As sport gets more competitive, the margins that decide a moment, a match or a whole tournament are getting thinner - as such sports analytics is gaining ever more importance. Global analytics solutions provider Quantzig shares its four ways in which it could change the way every game is played
With some of the best athletes on the planet currently competing in the 2018 Fifa World Cup, Wimbledon and the Tour de France, those in the business of sports analytics have never been more in demand.
The world of professional sports is getting ever more competitive, meaning actionable insight into key statistics and data can prove just as formidable a tool as top-class players or state-of-the-art equipment.
The booming betting industry has benefited from increasingly sophisticated sports analytics too, now able to market on the basis of in-depth assessment of relevant metrics and patterns.
Quantzig, a global analytics solutions provider, argues that by using a host of variables including weather conditions, player statistics and information from expert scouts, the technology will be a game-changer.
It identifies four ways in which analytics could change sport as we know it.
Live field data
Currently, a large amount of data is collected manually during a game of sports matches. But since the actions take place at a rapid speed on the field or during a match, it becomes difficult to track live data.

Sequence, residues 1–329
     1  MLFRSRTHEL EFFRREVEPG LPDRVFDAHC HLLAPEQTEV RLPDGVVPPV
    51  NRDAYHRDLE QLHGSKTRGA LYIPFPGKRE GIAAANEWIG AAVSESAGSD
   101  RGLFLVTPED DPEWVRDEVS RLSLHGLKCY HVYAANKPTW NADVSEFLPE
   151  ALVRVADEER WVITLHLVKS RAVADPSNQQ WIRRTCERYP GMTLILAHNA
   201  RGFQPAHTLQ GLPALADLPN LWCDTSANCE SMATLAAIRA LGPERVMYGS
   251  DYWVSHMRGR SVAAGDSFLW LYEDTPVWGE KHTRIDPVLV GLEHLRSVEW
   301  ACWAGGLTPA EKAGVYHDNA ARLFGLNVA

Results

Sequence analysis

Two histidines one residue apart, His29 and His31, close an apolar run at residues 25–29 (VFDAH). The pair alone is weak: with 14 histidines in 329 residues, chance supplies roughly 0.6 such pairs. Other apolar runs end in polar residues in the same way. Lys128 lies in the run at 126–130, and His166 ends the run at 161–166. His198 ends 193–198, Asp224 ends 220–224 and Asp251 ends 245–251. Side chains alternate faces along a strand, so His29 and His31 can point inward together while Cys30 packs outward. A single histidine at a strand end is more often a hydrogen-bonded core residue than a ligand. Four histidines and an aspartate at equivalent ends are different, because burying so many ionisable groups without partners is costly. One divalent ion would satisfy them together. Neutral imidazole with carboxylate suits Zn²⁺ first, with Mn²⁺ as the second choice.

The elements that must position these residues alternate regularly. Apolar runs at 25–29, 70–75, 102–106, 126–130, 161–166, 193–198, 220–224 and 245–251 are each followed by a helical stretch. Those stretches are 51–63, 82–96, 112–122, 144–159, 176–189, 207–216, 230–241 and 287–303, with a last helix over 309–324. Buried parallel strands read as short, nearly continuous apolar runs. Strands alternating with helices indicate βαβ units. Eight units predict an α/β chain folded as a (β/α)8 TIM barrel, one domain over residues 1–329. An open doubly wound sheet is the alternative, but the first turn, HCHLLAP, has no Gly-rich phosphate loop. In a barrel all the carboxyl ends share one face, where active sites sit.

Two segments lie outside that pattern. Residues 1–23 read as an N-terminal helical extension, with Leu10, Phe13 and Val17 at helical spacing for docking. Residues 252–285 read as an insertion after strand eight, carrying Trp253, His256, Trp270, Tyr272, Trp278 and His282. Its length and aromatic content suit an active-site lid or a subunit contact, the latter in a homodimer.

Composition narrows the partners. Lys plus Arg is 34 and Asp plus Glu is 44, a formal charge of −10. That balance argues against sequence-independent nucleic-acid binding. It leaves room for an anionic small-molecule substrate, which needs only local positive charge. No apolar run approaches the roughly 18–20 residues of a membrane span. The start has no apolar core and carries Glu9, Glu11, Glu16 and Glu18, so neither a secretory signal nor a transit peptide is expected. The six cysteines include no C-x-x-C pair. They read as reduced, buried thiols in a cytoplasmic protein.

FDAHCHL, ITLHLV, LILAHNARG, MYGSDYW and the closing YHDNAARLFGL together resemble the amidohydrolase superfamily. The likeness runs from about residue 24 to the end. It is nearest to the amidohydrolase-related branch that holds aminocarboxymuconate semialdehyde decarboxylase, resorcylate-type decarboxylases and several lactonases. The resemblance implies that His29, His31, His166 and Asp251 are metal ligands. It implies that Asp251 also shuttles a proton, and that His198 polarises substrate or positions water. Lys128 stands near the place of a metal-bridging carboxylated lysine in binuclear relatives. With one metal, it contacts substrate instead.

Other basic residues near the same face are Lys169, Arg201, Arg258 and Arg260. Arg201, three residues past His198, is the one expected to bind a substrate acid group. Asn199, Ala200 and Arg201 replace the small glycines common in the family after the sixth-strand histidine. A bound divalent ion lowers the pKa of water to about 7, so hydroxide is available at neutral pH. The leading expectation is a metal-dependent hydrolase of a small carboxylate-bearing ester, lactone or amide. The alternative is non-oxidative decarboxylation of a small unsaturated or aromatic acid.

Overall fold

Companies such as MotionWorks Sports Solution makes RFID tags that are attached to the ball, equipment, and even the players to track movement, distance, and speed.
Teams and ticket vendors are trying their best to provide the most comfortable and enjoyable experiences to fans watching the match.
They can use sports analytics to get to know the audience better and cater to their needs.
Furthermore, it becomes easier to deliver a better experience to followers using team-specific mobile apps that provide fans with special content, in-seat concession ordering, and bathroom wait times.
Coaches can leverage sports analytics to gain important and accurate data sets that would help them adjust their tactics for better results on the field.
Using data, coaches and players can make more informed decisions that could decide wins and losses.
They can also analyse the data from past matches or tournaments to formulate a better game plan and eliminate the tactics that do not give favourable results.
Data from wearable technology
Wearable technology is now slowly being experimented for sports analytics. Several vendors such as Adidas have introduced technologies that work by attaching wearable devices to the jerseys of players.
Data from the device helps the coach identify who the top performers are and who needs rest.
It also provides real-time stats on each player, such as speed, acceleration, and heart rate.
This type of real-time data could help trainers and physicians plan for better training and conditioning.